• Although the settlement had now been established within a month of ten years, yet little had been added to the stock of natural history which had been acquired in the first year or two of its infancy. The Kangaroo, the Dog, the Opossum, the Flying Squirrel, the Kangaroo Rat, a spotted Rat, the common Rat, and the large Fox-bat (if entitled to a place in this society), made up the whole catalogue of animals that were known at this time, with the exception which must now be made of an amphibious animal, of the mole species, one of which had been lately found on the banks of a lake near the Hawkesbury. In size it was considerably larger than the land mole. The eyes were very small. The fore legs, which were shorter than the hind, were observed, at the feet, to be provided with four claws, and a membrane, or web, that spread considerably beyond them, while the feet of the hind legs were furnished, not only with this membrane or web, but with four long and sharp claws, that projected as much beyond the web, as the web projected beyond the claws of the fore feet. The tail of this animal was thick, short, and very fat; but the most extraordinary circumstance observed in its structure was, its having, instead of the mouth of an animal, the upper and lower mandibles of a duck. By these it was enabled to supply itself with food, like that bird, in muddy places, or on the banks of the lakes, in which its webbed feet enabled it to swim; while on shore its long and sharp claws were employed in burrowing; nature thus providing for it in its double or amphibious character. These little animals had been frequently noticed rising to the surface of the water, and blowing like the turtle.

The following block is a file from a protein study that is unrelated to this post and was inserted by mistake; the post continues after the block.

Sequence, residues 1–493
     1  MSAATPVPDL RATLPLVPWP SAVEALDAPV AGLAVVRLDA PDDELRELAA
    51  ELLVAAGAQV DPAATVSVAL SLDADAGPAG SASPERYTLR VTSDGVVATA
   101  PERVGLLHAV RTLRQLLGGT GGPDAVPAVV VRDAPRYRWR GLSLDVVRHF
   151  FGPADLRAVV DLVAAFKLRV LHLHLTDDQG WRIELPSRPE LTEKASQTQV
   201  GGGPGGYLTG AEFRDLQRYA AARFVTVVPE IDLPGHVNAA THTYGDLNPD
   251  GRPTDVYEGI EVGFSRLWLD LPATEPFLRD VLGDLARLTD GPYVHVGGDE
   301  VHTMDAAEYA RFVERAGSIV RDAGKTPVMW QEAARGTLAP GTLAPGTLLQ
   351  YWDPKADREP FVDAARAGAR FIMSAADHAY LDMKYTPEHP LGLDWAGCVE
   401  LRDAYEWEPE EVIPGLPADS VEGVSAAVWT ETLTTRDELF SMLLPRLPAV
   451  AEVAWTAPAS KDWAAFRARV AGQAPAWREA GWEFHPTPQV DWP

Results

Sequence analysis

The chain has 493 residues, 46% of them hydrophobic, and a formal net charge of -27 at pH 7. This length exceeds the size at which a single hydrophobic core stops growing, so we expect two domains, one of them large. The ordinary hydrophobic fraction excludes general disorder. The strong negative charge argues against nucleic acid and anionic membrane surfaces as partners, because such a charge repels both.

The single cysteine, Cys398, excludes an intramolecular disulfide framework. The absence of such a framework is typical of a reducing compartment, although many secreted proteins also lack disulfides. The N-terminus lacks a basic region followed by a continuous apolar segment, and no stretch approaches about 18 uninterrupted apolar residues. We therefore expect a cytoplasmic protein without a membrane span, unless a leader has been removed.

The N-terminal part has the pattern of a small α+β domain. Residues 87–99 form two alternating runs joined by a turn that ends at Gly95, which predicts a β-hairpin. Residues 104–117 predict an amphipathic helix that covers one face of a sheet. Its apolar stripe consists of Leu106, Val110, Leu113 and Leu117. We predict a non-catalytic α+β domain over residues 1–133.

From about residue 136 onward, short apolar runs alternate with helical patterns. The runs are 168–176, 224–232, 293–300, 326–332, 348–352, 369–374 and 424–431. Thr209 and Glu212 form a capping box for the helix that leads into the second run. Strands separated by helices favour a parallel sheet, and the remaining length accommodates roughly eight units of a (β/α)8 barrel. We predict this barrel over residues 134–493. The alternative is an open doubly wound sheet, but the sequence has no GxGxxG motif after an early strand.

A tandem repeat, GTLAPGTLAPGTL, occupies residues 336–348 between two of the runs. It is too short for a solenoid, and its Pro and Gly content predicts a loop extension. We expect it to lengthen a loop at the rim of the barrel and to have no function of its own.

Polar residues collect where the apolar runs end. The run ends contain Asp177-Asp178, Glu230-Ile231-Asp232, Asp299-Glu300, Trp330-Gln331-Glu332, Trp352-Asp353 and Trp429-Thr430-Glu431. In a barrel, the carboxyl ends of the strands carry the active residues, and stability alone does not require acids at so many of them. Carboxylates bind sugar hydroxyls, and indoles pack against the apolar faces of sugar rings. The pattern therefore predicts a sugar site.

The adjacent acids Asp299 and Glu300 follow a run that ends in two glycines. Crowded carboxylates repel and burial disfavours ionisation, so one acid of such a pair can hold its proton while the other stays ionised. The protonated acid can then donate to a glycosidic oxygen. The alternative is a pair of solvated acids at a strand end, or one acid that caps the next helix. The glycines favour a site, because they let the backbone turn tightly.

• It is well known that the specimens of this extraordinary animal first brought to Europe were considered by many as impositions. They reached England by vessels which had navigated the Indian seas, a circumstance in itself sufficient to rouse the suspicions of the scientific naturalist, aware of the monstrous impostures which the artful Chinese had so frequently practised on European adventurers; in short, the scientific felt inclined to class this rare production of nature with eastern mermaids and other works of art; but these conjectures were immediately dispelled by an appeal to anatomy.